11th Senate District

Courtney, a Salem Democrat, has long held this seat but he will retire at the end of this term. That decision created an opening for others.

Thatcher currently represents the 13th Senate District,  which goes from Salem and Keizer north to Woodburn. But it moved north toward Portland in the latest redistricting plan, giving Democrats 59% of eligible voters compared with 36% for Republicans, according to Dave’s Redistricting. 

Thatcher opted to run in the 11th Senate District, which goes from Salem and Keizer north to Woodburn and where Democrats account for 51% of voters compared with 43% for Republicans. Walsh is an attorney and former member of the Keizer City Council.

16th Senate District

From 2007 until late last year, this northern coastal district from St. Helens to Tillamook, was represented by Betsy Johnson, a conservative Democrat who easily defeated her Republican challengers. Sen. Rachel Armitage was appointed to the seat after Johnson resigned to run for governor, and she is not running for the seat either.

Weber has served one term in the House while Busch has no elected experience.

Republicans have a slim voter registration advantage in the district of about 1.5 percentage points, according to Dave’s Redistricting. Weber has also outraised Busch by more than 80%, collecting nearly $398,000 compared with about $216,000 for Busch.

20th Senate District 

Republican incumbent Sen. Bill Kennemer and Democratic Rep. Mark Meek were neck-to-neck in initial returns in this district in the eastern metro area that includes Gladstone: Kennemer had 49% compared to 50% for Meek.

After redistricting, the district became more urban than it was before the last election. It now favors Democrats in voter registration by about 11 percentage points, according to Dave’s Redistricting.

Kennemer, a former House lawmaker, was appointed to the Senate seat in 2021. Meek has been in the House since 2017.

House races 

Officials are watching a few seats in the House that could change parties. One is the 19th House District in Salem. Currently held by Republican Rep. Raquel Moore-Green, it’s now open with her running for the Senate. Republicans are also eyeing the 21st House District north of Salem, which is currently represented by Democrat Chris Hoy who is not seeking reelection. Republican candidate Kevin Mannix, a former state legislator who ran for governor 2002, hopes to beat Democrat Ramiro Navarro Jr., a veteran, in the district.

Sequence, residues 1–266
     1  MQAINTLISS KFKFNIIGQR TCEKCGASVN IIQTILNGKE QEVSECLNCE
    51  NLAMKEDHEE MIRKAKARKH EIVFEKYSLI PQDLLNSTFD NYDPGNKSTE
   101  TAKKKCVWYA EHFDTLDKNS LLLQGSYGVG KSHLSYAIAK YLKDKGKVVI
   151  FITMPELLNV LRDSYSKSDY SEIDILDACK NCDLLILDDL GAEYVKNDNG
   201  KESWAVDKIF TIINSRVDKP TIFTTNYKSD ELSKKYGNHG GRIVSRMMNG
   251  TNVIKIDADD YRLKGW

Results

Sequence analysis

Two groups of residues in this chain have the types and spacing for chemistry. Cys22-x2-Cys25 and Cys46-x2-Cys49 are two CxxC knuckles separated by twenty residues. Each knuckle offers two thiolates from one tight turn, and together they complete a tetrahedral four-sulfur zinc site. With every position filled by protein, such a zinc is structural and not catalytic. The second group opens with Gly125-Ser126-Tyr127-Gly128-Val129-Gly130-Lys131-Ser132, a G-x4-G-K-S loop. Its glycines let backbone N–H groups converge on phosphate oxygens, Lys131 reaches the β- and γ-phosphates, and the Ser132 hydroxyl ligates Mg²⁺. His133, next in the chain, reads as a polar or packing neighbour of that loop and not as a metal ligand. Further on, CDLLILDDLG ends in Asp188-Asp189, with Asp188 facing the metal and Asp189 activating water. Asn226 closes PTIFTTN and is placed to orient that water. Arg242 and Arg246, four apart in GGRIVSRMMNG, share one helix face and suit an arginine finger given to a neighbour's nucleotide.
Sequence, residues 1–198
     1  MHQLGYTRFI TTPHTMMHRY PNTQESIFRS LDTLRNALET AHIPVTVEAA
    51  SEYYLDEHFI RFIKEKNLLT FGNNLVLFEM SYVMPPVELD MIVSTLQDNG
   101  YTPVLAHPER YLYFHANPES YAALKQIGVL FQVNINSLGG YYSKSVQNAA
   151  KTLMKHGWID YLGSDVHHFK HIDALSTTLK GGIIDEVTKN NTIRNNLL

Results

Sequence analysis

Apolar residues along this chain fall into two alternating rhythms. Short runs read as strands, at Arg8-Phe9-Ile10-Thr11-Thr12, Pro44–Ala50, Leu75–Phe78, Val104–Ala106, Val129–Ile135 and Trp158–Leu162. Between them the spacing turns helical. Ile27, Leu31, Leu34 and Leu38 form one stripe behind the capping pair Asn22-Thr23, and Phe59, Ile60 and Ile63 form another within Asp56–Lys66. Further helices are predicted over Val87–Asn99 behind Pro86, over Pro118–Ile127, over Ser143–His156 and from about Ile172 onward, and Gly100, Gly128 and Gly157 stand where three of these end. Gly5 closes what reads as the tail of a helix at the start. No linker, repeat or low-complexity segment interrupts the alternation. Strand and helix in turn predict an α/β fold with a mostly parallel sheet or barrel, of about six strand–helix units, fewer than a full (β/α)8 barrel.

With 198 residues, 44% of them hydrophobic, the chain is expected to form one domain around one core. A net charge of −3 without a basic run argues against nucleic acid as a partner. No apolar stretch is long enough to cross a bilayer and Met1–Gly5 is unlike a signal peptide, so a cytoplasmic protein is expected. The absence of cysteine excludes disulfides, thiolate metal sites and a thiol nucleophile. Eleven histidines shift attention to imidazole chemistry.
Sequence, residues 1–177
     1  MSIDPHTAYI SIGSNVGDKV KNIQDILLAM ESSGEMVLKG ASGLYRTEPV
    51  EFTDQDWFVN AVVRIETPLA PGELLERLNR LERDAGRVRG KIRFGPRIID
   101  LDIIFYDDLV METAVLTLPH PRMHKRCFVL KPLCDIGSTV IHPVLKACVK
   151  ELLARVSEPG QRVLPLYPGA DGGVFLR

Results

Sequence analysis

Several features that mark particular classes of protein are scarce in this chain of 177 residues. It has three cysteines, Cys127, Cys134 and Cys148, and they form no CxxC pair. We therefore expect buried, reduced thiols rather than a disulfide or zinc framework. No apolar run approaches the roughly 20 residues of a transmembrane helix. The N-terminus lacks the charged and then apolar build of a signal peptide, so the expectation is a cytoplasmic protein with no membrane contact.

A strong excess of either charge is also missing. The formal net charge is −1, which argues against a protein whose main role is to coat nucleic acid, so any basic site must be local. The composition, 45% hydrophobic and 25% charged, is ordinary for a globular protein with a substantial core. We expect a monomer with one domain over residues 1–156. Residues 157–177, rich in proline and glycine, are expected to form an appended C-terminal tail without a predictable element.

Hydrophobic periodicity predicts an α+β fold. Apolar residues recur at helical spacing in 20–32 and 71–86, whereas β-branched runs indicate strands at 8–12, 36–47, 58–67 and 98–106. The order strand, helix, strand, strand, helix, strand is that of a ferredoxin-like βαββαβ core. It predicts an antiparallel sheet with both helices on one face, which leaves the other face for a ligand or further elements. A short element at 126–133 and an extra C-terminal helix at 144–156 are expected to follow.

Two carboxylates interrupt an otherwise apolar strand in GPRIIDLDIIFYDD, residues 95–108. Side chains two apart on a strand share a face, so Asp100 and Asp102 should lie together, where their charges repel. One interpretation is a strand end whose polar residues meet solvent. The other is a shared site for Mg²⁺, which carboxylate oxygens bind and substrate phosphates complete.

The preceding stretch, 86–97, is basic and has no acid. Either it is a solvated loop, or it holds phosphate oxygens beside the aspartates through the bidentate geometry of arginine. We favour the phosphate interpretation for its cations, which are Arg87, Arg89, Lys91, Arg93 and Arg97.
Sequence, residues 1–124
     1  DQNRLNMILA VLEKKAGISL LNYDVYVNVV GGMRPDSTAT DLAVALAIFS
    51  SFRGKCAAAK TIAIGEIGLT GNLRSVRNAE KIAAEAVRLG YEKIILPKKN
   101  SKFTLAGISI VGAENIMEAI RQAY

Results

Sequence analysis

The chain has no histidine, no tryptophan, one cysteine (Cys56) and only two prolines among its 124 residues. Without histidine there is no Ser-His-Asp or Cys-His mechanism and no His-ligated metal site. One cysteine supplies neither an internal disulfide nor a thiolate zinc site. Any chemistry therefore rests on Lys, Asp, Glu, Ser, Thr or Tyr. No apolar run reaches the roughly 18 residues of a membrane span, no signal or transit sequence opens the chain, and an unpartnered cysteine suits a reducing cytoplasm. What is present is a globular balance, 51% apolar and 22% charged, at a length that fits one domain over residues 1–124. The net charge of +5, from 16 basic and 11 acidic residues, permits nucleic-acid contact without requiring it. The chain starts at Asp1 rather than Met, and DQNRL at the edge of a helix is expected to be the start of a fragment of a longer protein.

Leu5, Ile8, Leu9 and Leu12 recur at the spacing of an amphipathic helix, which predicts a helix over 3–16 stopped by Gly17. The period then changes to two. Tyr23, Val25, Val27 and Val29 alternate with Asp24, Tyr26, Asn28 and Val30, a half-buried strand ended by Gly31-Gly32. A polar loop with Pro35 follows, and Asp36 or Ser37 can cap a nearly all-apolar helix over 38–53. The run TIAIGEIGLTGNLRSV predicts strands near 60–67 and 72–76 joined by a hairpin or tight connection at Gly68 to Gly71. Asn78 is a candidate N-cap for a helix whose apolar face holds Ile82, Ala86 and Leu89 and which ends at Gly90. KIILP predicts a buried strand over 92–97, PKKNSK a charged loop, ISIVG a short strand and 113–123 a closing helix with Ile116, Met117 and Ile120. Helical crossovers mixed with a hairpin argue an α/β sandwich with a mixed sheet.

The 52nd House District, which includes Hood River and The Dalles, is an open seat following the resignation of the incumbent, Democrat Anna Williams. Republican Jeff Helfrich, a former state lawmaker and retired police sergeant, is running against Democrat Darcy Long, a financial advisor and city councilor at The Dalles. 

And in Clackamas County, Democratic Rep. Janelle Bynum, who was first elected to the state House in 2016, is fighting to retain her seat. The only Black woman in the Legislature, she raised $1.1 million compared to $245,000 for her competitor, Republican Kori Haynes, a small business owner who’s never held elected office.

Oregon Capital Chronicle

Oregon Capital Chronicle is part of States Newsroom, a network of news bureaus supported by grants and a coalition of donors as a 501c(3) public charity. Oregon Capital Chronicle maintains editorial independence. Contact Editor Lynne Terry for questions: Follow Oregon Capital Chronicle on Facebook and Twitter.

Ben Botkin covers justice, health and social services issues for the Oregon Capital Chronicle. He has been a reporter since 2003, when he drove from his Midwest locale to Idaho for his first journalism job. He has written extensively about politics and state agencies in Idaho, Nevada and Oregon. Most recently, he covered health care and the Oregon Legislature for The Lund Report.